Ted Miller looks at the many factors that helped determine such a small difference for Wisconsin and Oregon in their near-miss bowl games last year.
LOS ANGELES -- There are between 120 and 160 plays in a college football game. Most are unremarkable. A 41-yard punt. A 3-yard run. An 8-yard pass on third and 10. But, really, who's to say that one of the 22 players on the field couldn't have transformed the game if he'd just been a little bit better on any given play? A block lasting one more second, a linebacker reacting a split-second quicker, the arc of a pass reduced by an inch.
Oregon lost last year's national championship game 22-19 when Auburn kicked a field goal on the last play of the game. Wisconsin lost 21-19 to TCU in last year's Rose Bowl after the Badgers failed to convert a two-point play for the tie with two minutes left.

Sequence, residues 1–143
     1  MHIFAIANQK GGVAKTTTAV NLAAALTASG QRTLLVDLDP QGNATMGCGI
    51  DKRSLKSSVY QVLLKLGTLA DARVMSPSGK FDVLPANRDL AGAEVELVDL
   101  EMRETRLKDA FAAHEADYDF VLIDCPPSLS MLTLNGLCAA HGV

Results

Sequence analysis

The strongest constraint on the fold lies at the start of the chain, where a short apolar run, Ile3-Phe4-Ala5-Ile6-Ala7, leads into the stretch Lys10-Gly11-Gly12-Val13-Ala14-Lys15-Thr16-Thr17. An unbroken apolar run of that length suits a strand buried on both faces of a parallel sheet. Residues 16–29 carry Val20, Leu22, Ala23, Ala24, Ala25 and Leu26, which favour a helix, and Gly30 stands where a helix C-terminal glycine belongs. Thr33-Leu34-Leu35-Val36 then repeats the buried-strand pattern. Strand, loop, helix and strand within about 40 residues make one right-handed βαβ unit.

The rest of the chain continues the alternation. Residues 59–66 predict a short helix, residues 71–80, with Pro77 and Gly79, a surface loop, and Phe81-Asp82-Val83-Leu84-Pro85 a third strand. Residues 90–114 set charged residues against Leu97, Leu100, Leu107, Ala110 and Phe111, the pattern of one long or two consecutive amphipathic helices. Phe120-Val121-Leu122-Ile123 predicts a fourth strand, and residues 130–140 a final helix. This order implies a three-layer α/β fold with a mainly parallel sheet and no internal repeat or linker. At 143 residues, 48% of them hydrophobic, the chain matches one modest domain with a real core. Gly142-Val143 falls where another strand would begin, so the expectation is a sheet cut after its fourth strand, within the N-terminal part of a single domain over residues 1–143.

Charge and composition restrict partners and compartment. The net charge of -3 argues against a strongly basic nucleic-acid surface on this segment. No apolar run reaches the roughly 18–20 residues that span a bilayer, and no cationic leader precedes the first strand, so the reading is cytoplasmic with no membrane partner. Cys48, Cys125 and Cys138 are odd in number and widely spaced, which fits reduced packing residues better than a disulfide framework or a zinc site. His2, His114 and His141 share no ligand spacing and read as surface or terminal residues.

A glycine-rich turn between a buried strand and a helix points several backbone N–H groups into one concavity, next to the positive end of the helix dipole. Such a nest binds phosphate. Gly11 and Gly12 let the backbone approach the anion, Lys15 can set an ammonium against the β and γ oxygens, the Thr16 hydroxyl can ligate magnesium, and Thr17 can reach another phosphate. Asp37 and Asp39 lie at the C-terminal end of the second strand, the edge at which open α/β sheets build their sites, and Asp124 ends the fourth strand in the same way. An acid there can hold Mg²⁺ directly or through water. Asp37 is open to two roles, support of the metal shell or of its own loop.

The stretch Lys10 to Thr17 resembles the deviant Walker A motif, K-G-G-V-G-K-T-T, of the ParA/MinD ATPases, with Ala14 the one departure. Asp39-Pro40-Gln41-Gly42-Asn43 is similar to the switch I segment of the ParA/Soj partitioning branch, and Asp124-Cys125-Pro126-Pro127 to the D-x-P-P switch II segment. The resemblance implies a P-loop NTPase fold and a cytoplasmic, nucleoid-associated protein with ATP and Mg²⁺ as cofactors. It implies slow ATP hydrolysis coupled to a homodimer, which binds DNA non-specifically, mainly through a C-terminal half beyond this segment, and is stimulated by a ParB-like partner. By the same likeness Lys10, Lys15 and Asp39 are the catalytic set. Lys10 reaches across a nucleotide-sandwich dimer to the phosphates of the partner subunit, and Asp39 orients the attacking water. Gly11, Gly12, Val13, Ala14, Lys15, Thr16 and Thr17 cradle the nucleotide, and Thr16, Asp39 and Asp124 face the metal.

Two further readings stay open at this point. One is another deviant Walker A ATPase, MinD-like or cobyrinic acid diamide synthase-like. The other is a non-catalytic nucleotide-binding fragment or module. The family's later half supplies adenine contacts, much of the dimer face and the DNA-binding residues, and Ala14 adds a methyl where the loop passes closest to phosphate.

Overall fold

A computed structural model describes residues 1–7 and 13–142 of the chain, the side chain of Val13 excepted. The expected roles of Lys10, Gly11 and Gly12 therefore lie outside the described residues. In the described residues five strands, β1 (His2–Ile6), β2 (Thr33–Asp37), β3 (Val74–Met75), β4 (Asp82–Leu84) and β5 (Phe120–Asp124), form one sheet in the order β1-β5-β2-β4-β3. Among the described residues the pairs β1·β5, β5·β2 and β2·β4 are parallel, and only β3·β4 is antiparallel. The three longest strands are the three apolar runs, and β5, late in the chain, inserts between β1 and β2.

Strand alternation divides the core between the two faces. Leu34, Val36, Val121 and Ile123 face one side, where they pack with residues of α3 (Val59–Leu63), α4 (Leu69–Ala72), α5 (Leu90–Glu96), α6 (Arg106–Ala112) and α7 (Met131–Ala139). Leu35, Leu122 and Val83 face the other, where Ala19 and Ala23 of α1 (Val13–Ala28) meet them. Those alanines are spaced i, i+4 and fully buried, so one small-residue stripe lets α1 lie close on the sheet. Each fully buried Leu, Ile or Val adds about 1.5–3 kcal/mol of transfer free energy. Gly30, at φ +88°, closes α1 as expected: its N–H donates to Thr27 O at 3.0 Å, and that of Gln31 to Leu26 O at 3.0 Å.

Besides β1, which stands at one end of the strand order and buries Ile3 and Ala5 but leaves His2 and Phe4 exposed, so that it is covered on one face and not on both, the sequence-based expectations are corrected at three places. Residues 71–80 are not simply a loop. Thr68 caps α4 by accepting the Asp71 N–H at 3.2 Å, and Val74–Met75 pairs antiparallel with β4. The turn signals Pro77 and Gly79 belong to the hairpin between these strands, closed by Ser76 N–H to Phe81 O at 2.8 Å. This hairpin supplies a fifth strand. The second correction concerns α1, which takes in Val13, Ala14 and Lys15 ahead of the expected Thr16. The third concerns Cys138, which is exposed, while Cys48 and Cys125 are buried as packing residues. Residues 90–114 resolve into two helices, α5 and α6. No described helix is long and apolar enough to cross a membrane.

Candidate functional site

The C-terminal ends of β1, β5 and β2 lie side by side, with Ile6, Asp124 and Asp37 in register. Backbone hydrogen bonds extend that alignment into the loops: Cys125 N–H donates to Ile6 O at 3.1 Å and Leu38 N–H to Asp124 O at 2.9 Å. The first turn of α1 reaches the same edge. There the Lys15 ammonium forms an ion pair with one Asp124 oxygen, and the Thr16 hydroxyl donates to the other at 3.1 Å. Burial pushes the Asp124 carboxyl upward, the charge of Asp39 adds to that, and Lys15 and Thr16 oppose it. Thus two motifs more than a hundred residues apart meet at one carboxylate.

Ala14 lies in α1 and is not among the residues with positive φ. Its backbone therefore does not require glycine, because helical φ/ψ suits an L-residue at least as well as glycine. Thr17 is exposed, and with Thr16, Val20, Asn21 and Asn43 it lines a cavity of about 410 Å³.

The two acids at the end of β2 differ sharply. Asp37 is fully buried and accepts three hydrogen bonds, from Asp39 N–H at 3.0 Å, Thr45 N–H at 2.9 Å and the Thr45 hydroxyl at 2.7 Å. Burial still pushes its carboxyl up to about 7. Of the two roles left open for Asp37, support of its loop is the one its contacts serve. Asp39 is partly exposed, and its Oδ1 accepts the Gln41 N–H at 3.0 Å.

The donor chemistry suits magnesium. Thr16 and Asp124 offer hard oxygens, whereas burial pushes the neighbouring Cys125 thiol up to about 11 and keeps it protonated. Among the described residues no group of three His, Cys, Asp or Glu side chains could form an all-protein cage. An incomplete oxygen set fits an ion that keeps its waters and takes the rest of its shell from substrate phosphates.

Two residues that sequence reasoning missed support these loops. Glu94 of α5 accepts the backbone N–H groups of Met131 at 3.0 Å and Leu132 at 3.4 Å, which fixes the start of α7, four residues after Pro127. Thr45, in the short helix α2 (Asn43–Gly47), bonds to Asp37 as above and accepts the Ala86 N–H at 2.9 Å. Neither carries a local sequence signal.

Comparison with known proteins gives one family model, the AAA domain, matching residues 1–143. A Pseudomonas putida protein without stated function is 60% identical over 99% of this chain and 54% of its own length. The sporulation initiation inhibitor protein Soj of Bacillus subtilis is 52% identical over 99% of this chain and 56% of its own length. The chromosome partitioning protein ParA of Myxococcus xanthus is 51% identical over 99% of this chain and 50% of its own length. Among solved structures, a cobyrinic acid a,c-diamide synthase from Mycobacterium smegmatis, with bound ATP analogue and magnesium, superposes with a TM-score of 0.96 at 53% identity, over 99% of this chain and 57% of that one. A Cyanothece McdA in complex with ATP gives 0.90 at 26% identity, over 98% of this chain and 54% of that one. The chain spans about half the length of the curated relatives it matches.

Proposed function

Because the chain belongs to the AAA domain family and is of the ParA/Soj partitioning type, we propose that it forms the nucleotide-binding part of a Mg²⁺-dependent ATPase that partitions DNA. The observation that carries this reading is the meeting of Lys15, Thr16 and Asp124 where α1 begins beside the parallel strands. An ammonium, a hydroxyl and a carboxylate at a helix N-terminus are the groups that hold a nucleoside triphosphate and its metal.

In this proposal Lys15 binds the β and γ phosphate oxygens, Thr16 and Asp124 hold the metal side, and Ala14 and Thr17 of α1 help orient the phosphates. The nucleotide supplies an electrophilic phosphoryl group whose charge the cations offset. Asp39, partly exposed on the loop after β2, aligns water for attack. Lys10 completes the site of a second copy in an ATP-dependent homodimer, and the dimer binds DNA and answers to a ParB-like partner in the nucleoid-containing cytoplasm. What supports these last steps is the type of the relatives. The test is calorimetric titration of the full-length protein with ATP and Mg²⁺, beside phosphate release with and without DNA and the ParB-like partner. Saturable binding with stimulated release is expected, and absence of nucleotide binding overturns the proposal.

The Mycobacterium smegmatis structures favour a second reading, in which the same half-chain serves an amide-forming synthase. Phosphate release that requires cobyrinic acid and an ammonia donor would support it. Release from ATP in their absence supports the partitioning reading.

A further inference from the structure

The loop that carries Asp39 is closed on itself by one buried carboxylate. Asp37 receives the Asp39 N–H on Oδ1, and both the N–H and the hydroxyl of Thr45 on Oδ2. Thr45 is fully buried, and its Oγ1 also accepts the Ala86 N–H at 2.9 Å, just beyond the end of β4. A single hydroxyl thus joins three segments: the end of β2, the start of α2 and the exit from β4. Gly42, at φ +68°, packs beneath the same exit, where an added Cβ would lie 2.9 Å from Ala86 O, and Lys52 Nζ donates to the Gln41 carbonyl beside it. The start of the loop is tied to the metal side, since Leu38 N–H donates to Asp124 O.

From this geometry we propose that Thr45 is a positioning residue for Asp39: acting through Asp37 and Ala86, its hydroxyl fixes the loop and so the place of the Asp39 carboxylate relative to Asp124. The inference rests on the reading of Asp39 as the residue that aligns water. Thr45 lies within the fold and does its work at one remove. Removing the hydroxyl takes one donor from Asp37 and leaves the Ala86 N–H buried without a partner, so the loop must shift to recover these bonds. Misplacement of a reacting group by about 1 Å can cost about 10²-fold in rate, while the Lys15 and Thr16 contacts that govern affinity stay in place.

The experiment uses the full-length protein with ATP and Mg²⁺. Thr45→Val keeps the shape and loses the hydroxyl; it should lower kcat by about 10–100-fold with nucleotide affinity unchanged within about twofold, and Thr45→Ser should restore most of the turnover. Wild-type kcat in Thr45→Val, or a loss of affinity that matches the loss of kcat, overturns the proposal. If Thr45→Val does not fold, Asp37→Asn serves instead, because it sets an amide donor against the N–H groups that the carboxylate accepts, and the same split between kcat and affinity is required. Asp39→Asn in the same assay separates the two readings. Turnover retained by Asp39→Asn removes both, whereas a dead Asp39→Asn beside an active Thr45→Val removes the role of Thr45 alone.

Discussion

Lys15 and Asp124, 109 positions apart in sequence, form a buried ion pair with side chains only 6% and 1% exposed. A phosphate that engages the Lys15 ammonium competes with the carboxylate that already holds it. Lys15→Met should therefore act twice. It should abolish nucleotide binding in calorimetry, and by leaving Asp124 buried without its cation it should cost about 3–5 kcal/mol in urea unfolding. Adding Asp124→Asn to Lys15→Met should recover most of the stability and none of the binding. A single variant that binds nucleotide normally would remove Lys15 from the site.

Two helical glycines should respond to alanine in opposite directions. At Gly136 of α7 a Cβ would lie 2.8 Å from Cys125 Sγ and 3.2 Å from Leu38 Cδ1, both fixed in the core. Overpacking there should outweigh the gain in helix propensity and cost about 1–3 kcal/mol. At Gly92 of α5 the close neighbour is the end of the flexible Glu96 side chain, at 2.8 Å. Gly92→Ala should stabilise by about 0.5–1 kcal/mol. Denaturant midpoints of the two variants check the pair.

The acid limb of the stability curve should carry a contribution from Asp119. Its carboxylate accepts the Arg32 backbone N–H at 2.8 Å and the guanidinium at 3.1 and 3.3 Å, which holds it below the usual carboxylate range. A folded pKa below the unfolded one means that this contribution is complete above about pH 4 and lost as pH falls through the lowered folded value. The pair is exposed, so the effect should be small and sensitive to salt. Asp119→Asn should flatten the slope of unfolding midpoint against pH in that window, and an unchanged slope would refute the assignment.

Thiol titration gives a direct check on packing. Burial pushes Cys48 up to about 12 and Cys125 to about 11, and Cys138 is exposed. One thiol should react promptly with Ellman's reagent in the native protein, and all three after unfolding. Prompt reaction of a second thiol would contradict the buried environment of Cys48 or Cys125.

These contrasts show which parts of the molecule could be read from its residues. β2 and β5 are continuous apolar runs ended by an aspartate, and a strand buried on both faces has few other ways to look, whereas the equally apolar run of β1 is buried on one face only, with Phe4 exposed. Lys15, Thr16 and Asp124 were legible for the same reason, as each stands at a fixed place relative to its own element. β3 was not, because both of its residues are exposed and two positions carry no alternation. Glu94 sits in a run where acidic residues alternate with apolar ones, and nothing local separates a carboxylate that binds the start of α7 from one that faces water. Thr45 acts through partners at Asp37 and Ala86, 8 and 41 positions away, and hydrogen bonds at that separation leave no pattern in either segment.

For fans of both teams, those were singular moments of excruciation. For the players, it's much more difficult because it's not that simple.
"There are so many factors that go into a two-point loss that you can't ascribe it to anything," Wisconsin center Peter Konz said. "Maybe we weren't cheering loud enough. ... It's hard to just blame it on one thing when it's two points."
But what a difference those small margins make. And not just in terms of the single game.
Only 35 teams can end their seasons with bowl wins. Only five will win BCS bowl games. One will be handed a crystal football and called national champion. A program can be good without winning a BCS bowl game. It can be thoroughly respectable. Hey, just getting there is worthy of celebration, right?
Ah, but there's an invisible yet rigorously protected line that separates those that win BCS bowl games and national championships and those that don't. There are teams with trophies and teams with "what if?"
To read the rest of Ted's story, click here.